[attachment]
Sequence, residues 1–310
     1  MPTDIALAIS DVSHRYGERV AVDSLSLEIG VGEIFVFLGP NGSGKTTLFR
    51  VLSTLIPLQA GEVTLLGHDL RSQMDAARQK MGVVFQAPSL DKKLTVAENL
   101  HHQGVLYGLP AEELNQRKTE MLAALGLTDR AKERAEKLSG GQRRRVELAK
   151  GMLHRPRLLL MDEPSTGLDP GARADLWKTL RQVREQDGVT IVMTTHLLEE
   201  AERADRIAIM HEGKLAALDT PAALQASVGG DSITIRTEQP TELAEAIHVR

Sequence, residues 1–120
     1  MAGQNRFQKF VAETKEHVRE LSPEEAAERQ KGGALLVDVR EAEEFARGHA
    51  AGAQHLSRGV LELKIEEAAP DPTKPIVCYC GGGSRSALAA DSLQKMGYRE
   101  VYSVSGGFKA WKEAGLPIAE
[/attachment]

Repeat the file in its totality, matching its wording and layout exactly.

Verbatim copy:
Sequence, residues 1–310
     1  MPTDIALAIS DVSHRYGERV AVDSLSLEIG VGEIFVFLGP NGSGKTTLFR
    51  VLSTLIPLQA GEVTLLGHDL RSQMDAARQK MGVVFQAPSL DKKLTVAENL
   101  HHQGVLYGLP AEELNQRKTE MLAALGLTDR AKERAEKLSG GQRRRVELAK
   151  GMLHRPRLLL MDEPSTGLDP GARADLWKTL RQVREQDGVT IVMTTHLLEE
   201  AERADRIAIM HEGKLAALDT PAALQASVGG DSITIRTEQP TELAEAIHVR

Sequence, residues 1–120
     1  MAGQNRFQKF VAETKEHVRE LSPEEAAERQ KGGALLVDVR EAEEFARGHA
    51  AGAQHLSRGV LELKIEEAAP DPTKPIVCYC GGGSRSALAA DSLQKMGYRE
   101  VYSVSGGFKA WKEAGLPIAE